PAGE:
Minnesota Gov. Mark Dayton's proposed state tax overhaul has generated criticism from various quarters, including in this space, although we believe he is moving in the right direction.
Dayton has a wide-ranging plan in mind. It would expand the sales tax to more transactions, including services, but lower the overall rate from 6.875 percent to 5.5 percent. It would raise taxes on the wealthiest Minnesotans and on cigarettes, by $1 per pack. At the same time, his plan includes a $500 yearly property tax rebate to all Minnesota homeowners. Schools, colleges and job-creation programs would get more funding.
Criticism seems to come from two sources: Those on the right who do not want to see any tax raised. And those lawmakers in Dayton's own party who want to know how the changes are going to affect their legislative districts. Both criticisms are coming from the wrong place policy-wise.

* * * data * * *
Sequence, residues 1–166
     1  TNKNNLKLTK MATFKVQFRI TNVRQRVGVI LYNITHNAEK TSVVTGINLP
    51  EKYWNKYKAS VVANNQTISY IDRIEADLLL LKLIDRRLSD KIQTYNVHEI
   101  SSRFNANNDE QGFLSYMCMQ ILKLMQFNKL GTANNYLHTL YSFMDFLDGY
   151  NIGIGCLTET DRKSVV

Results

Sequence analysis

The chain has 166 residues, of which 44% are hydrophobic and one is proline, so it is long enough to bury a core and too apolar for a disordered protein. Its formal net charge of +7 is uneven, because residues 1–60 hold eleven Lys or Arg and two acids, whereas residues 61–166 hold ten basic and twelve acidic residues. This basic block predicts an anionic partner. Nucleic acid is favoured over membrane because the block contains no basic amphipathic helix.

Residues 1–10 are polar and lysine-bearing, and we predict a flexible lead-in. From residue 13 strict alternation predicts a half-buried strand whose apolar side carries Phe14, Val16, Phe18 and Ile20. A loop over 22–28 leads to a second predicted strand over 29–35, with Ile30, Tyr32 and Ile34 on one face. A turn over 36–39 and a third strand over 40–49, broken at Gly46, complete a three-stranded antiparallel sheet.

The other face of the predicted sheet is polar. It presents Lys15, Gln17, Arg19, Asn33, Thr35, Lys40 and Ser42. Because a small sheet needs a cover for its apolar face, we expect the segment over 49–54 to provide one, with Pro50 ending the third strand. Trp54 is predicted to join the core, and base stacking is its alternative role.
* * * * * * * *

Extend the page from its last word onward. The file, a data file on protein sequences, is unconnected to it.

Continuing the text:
Republicans need to understand that there is nothing sacred - nothing - about the current tax system. In fact, it is an abomination, chocked full of giveaways to special interests. It is not fair and it is out of date.
For newly elected Democrats worried about the impact on their constituents, their concern is misplaced as well. The goal of a state revenue system should be fair, broad and low taxation. Start there. Not with who will lose what if the system is revamped to meet that goal. If someone is "losing" some giveaway through the reforms, they probably should not have been receiving it in the first place.
We agree that the governor's plan could be tweaked. But his courage in suggesting a major overhaul should be applauded, not undermined.